Sep 05, 2018 rated it liked it
Shelves: academic
OK. A bit too dry for me, but to be fair, I did not realize it is more of a textbook. I was reading because of my interest in constructionism.
Five, mostly because this made me think...think hard. And that's not easy to do with most books.

I absolutely believe we see the world as story. I believe story is what connects humans, and what moves humans. I believe the quest pattern is embedded in our DNA. So, of course this book intrigued me.

McAdams analyzes our lives and stages in our lives as story components -- tone, theme, characters, mythic forms, images...and imagoes.

Throughout our lives, we work on one component or another...children,
Jan 02, 2008 rated it really liked it
I wouldn't be surprised if this book is sometimes used as a text in narrative psychology classes. I've picked it up and read it in chunks, each time enjoying and learning from what McAdams offers. I wanted to give it 4.5 stars. McAdams is brilliant. He describes in detail how we write our own stories as a myth--and then live by them. Nevertheless, it rubs up against some of my core beliefs about story and identity that I cannot yet articulate. Perhaps that's why this interests me so. Isn't it wh ...more
Jun 13, 2008 rated it liked it
Shelves: philosophy
with both carl jung and joseph campbell's insightful works, there is no denying that humans delve into myth to make sense of themselves and environment. while this book explores narrative myth in self-creation, i did not find the divisions between agency and communion particularly enlightening. in fact, i found this categorization method more of a distraction because it attempted to cover all role types based on this distinction. familiar archetypes, such as the warrior, become a more encompassi ...more
Jieun Kim
Jun 20, 2013 rated it really liked it
This book reminds me of how to retell and restory to recreate one's past. At times, so do I think it might be awesome to re-imagine my past and ongoing events and episode in a new way. Particularly, chapter 1, The meaning of life and stories has a great character named Margaret who desecrates the chapel to recast her personal myth in self-fulfillment because she doesn't want to pass the same pain onto her daughter. She chose to reconcile her awful experiences with energy and forward direction. I ...more
Mar 25, 2010 rated it liked it  ·  review of another edition
Shelves: nonfiction
The author is a psychologist who is interested in the way we build the meaning of our lives, selecting experiences and relationships to become the characters and themes in our personal stories. He believes we are all constantly building these stories throughout our lives, but taking the time to lay them out an reflect on them can help us think about our purpose and see where we're going.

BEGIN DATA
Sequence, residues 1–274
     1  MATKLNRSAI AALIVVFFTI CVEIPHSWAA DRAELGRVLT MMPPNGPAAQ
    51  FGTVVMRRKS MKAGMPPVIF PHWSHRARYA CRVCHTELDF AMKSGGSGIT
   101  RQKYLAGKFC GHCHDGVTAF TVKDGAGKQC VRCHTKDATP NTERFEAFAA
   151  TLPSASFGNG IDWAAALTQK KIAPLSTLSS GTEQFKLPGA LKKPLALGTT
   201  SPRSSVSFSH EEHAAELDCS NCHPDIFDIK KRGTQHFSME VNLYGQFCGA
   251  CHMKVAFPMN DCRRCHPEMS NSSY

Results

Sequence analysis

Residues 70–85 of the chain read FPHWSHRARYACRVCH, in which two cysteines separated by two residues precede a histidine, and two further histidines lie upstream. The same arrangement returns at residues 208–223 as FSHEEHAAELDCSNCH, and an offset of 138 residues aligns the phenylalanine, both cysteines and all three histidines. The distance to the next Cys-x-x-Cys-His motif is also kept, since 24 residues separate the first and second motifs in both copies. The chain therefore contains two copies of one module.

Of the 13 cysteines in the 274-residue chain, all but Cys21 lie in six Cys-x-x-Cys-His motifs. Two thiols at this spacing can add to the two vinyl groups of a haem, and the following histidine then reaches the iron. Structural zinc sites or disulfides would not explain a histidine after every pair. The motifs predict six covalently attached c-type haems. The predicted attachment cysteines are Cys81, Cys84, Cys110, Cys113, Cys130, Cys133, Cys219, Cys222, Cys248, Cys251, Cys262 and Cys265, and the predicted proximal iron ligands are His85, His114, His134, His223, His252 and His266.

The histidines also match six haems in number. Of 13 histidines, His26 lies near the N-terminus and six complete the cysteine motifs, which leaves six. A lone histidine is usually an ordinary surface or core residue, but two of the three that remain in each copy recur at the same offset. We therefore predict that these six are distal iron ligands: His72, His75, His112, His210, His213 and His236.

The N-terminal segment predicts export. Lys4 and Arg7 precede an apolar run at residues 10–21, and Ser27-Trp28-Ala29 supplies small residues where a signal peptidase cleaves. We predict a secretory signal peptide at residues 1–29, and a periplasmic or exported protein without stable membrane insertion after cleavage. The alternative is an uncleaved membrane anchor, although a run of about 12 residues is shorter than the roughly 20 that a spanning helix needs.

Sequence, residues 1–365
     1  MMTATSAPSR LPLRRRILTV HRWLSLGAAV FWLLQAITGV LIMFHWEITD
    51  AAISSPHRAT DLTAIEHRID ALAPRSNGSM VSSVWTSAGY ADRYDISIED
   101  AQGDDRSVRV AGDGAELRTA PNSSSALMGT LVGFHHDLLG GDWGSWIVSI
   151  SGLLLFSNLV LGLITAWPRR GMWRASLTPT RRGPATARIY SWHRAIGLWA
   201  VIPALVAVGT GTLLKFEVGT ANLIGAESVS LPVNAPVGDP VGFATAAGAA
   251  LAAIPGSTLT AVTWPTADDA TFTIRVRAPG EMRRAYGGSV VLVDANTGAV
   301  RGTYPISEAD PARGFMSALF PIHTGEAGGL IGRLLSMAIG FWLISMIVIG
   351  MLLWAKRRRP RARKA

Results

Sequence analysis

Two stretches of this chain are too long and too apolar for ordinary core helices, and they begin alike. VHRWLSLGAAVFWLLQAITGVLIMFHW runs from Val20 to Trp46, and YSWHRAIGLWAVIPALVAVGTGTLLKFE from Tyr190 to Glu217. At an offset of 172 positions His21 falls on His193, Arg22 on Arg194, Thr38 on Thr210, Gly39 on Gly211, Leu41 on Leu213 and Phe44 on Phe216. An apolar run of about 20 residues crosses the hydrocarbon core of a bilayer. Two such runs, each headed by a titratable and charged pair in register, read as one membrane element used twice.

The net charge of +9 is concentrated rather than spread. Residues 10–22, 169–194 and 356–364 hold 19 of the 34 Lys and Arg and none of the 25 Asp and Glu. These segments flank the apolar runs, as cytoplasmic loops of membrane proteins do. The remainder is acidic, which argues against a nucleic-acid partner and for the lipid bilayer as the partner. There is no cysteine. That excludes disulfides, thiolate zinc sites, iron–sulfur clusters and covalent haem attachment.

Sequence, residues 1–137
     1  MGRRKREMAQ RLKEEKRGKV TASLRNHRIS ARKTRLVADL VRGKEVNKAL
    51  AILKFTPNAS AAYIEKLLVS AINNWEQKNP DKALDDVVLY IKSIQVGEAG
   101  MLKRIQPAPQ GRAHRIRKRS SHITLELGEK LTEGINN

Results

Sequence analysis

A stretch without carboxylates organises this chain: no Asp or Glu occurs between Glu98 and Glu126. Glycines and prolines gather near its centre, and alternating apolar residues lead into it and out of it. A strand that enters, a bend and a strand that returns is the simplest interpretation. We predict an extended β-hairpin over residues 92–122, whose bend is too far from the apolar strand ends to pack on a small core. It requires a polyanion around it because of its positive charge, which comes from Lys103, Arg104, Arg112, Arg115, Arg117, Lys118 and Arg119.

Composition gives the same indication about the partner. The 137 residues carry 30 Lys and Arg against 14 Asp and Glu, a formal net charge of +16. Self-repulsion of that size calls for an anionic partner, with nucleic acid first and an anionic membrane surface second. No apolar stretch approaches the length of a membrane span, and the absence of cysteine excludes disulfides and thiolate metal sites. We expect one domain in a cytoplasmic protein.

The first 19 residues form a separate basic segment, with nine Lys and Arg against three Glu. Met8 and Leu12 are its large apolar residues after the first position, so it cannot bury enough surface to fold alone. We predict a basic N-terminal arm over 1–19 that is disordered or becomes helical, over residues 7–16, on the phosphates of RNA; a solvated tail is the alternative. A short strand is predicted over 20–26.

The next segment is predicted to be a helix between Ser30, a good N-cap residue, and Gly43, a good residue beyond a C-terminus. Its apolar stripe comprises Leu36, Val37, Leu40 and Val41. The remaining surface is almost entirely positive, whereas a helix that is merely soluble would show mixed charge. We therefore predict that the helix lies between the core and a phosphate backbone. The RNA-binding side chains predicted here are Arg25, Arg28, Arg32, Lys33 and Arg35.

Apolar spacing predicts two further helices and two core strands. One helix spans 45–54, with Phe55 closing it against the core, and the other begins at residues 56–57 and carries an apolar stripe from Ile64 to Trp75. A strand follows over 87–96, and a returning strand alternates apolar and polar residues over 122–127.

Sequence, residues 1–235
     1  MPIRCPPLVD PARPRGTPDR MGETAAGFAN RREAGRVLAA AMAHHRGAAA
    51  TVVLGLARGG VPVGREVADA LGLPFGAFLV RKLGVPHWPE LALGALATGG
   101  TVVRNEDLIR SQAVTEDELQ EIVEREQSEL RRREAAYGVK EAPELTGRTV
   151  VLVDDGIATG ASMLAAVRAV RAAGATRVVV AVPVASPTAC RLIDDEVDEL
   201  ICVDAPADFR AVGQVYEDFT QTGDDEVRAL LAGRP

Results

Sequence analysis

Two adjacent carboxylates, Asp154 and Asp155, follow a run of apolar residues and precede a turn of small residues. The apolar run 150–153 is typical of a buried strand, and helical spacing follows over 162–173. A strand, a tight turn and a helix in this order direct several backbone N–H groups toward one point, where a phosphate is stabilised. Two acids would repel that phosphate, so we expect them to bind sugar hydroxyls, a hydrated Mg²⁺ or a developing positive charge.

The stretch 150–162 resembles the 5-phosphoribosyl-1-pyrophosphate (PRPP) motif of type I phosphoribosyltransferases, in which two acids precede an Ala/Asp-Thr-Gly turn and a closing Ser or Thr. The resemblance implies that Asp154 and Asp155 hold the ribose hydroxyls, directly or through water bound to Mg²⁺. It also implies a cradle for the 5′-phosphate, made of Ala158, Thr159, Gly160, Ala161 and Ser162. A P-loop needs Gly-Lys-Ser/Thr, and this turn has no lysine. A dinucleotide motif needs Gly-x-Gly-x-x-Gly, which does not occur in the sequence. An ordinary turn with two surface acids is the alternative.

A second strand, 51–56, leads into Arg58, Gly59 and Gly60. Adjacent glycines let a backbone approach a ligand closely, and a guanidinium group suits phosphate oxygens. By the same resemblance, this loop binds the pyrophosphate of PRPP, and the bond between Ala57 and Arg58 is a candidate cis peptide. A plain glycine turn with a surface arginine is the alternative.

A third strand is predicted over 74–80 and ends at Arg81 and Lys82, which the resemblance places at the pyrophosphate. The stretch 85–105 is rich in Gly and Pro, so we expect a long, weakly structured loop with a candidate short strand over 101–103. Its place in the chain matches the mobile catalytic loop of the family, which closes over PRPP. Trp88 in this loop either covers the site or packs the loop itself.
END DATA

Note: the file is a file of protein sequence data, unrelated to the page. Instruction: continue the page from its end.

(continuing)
His approach is more natural than many psychological tests, and isn't intended to be a self-help book. It's a
May 31, 2008 rated it it was amazing
Recommended to claire by: Ken
Wonderful! A fascinating book about how we think of/narrate our lives and the ways we may divide our selves into different "characters". I loved this book (and it also happened to be a great help in thinking about my dissertation). ...more
Nov 21, 2015 rated it it was amazing
An engaging and accessible exploration of how we write the stories of our life and why those stories are important in shaping where we go next.
Lisa Withered Crone
Oct 06, 2010 rated it really liked it
I've read this book twice before. Thought-provoking, but I'm not sure I agree with the message. ...more
Jan 29, 2009 rated it it was amazing
So many things happen to us in our lives and we only remember a few. McAdams postulates a theory for why we choose to remember what we do and how we make sense of our life experiences. Fascinating.
Cody Case
Dec 07, 2011 rated it it was amazing
Outstanding and accessible book. It should be useful to anyone in the caring profession as well as anyone struggling with their sense of self.
May 05, 2008 rated it it was amazing
Shelves: psychology
I identified with the ideas in this book, about how we create a narrative of our life and relate to certain archetypes.
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Nov 05, 2012
Bilal Ahmad
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Feb 28, 2018
Devin Ryback
rated it it was amazing
Aug 06, 2016
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Feb 10, 2015
rated it it was amazing
Dec 13, 2009
rated it liked it
Sep 14, 2018
rated it it was ok
Jan 31, 2019